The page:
Poe because I need to know what the hell happened to him before he died. It’s killing me, man! Conan Doyle to give me pointers on writing better Holmes stories, and Oh, hell, I don’t know, Elvis Presley because who wouldn’t wanna hang out with the king!
Who would you least like to be stuck in a lift with and why?
Any of the Kardashians. Do I really have to explain why?
Who would play the main character/s in a film version of Murder In Keswick?
Douglas Henshall as Barney Mains and Marc Lavoine as Jean-Luc Verten.
What do you like to do in your spare time?
I do a fair amount of walking. We have a wonderful peninsula, Presque Isle, on the southern shore of Lake Erie, and the summers are beautiful. We have a daughter with Down Syndrome who can be rather stationary if we let her, so the walking is as much for her as it is to keep this body *ahem* lean and mean. So, yes, walking. Honestly, I let very little time elapse between the end of one story and the beginning of another, so a lot of my spare time outside my 50-hour work week is spent writing or researching. And of course, my wife and I love our Britbox and Acorn.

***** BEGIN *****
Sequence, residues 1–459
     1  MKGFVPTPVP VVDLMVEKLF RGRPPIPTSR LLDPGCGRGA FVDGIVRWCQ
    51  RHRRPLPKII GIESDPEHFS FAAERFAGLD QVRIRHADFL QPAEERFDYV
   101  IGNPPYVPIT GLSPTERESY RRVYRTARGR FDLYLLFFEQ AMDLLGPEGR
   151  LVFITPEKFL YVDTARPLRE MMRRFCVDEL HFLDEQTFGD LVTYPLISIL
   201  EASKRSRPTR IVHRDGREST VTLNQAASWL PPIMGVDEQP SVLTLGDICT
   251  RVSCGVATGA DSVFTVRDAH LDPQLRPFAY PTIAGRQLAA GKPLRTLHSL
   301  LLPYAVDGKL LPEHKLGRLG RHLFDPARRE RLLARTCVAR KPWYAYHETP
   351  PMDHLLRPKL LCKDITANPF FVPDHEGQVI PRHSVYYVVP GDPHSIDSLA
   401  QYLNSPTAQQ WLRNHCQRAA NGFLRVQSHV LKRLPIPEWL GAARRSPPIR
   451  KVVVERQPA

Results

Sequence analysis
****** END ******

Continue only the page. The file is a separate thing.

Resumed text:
What is next for you?
I just finished my first ever historical YA novel. It’s also the first time I’ve hit 100,000 words in a story. I hope to find it a home soon or will self-publish in late summer. I am also two stories into another Sherlock Holmes compilation.
Book? Watchers by Dean R Koontz
Film? The Thing from Another World (1951 version slightly over the 1982 version)
Band/Singer? Collective Soul
TV show? I Love Shakespeare and Hathaway!
Place? I once drove a rental car to the top of Mauna Kea in Hawaii. The car almost died several times due to lack of oxygen, but once I got up there it was night. It was the most beautiful night sky I had ever seen.
Biscuit? I’m American, but I think you mean what we call a cookie, right? I swear I’m not going to Google this, I watch enough Midsomer Murders. If you mean cookie, then Danish Butter cookies are my fav. If you mean something more like a scone, then raspberry/ white chocolate. Did I over think that?
The Keswick Murders are available from Amazon.
You can follow the rest of the blog tour here: